There’s a Chinese proverb in which several blind men are summoned to court to answer the question, “What is an elephant?” As each man grabs a hold of one part of the elephant, the men in turn make their estimations:
“An elephant is a round pot.”
“An elephant is a thick tube.”
“An elephant is a large leaf.”
After some time the men begin arguing with one another about the nature of an elephant. Each of them is right, but only partially right. They only have access to one perspective of what is a very objective reality.
We can all agree that there is a thing called objective reality. In so far as our coaching practice is concerned, we have to acknowledge that we only see the portion of reality that we’re privy to. And that lot only represents a portion of the portion that our coachee/client/colleague is privy to. It’s a portion of a portion of reality.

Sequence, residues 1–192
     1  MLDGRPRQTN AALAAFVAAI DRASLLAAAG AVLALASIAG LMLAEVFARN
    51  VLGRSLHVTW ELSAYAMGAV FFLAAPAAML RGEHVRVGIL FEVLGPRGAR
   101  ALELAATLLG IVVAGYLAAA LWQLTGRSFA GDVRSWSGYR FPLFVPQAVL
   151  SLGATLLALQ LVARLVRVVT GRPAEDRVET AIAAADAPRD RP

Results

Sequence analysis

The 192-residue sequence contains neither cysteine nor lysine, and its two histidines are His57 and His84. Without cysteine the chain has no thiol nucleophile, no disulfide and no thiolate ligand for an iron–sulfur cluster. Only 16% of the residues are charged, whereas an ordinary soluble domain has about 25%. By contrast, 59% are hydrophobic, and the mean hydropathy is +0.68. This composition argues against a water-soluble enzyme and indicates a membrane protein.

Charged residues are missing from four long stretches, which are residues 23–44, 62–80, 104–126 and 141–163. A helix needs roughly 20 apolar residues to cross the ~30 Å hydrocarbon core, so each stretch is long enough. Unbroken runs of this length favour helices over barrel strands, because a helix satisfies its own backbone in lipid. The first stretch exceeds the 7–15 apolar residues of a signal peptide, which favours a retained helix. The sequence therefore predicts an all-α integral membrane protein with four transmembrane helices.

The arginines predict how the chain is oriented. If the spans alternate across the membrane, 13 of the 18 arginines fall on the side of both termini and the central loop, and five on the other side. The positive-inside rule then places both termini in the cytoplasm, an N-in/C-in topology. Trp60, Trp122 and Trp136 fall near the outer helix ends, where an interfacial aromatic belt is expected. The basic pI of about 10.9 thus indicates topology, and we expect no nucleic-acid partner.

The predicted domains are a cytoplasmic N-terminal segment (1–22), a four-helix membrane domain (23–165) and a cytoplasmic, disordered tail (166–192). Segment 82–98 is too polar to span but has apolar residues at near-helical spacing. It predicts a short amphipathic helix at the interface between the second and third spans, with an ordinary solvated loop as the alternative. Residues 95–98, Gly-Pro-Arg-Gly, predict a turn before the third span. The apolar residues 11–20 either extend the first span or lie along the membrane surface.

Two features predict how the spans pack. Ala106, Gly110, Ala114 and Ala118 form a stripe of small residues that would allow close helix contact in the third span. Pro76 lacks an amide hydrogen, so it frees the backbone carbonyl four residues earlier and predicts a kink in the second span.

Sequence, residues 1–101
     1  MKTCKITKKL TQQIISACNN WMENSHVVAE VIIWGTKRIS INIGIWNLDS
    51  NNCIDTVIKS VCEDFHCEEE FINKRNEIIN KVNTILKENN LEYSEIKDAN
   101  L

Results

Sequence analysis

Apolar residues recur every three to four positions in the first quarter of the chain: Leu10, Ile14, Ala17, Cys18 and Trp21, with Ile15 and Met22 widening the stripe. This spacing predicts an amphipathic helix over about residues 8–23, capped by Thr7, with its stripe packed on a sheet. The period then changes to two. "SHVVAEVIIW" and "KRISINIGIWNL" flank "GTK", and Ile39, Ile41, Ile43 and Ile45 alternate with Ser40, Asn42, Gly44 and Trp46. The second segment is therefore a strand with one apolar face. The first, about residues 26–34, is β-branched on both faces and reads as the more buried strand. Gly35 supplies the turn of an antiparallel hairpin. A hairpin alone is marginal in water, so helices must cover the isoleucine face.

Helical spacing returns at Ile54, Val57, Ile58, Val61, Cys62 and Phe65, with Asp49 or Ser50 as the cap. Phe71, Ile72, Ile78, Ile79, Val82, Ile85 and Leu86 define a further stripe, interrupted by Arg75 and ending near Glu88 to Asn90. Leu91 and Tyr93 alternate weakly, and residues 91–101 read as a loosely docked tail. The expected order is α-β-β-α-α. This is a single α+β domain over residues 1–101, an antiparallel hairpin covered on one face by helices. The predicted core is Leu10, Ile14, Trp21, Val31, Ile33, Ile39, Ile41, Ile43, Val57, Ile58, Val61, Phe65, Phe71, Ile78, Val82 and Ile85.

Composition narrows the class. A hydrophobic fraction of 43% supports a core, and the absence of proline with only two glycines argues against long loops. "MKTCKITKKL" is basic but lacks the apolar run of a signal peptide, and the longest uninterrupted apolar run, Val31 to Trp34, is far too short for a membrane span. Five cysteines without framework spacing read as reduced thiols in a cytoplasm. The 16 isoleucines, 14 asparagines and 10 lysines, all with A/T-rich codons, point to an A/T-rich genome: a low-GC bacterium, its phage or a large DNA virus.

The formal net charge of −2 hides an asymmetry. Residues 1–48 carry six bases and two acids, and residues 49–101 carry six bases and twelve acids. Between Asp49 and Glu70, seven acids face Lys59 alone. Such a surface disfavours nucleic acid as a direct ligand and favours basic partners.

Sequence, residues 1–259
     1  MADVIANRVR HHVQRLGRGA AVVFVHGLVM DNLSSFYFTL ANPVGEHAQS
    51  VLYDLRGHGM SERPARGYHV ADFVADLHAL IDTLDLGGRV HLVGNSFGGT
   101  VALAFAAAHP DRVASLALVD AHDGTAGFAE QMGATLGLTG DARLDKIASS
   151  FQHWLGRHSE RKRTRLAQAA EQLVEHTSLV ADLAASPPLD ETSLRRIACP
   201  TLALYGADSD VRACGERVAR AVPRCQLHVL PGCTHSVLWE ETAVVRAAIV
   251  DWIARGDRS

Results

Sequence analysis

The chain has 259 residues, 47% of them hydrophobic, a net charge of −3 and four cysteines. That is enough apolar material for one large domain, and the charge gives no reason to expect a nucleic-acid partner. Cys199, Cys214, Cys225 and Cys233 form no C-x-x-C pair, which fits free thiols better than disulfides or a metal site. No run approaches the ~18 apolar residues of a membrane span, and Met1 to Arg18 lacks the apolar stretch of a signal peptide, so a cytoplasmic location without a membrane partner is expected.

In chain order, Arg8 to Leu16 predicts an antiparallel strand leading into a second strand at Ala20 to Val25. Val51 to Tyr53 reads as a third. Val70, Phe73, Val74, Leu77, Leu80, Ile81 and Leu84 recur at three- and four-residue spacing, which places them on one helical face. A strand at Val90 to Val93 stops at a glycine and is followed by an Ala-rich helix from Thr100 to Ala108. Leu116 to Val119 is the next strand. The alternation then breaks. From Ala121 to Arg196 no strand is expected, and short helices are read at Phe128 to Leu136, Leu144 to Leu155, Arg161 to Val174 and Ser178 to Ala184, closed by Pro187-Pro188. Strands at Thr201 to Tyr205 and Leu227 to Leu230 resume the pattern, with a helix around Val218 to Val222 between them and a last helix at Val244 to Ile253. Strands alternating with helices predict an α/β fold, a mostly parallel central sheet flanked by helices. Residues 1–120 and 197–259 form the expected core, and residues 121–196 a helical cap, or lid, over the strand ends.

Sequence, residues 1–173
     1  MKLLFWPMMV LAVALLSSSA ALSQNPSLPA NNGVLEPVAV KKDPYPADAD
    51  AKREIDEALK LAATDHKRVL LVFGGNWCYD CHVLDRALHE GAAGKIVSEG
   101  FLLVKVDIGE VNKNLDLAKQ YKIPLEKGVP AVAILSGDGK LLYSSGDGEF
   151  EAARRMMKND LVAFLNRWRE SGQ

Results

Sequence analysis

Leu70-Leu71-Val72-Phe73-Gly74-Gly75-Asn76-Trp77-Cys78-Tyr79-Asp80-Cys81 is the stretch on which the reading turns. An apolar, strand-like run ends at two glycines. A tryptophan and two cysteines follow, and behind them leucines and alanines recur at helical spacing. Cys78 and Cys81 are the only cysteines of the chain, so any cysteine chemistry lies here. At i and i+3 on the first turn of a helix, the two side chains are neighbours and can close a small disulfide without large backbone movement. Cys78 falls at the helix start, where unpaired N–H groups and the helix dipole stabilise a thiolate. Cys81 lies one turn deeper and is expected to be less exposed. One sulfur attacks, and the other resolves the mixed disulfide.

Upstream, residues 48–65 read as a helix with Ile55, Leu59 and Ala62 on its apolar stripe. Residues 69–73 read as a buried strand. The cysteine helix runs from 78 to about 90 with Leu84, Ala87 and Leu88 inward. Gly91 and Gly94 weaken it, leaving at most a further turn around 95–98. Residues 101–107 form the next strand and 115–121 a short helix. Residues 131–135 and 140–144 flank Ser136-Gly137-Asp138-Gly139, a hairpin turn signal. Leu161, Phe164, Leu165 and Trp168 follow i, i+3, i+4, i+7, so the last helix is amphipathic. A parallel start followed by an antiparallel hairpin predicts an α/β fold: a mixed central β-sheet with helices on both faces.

The only remedy for this condition is curiosity. To stay curious in our coaching response keeps questions flowing, keeps options open, keeps the blind man running his hands down the elephant hide, searching for more information about the true form of the thing under examination.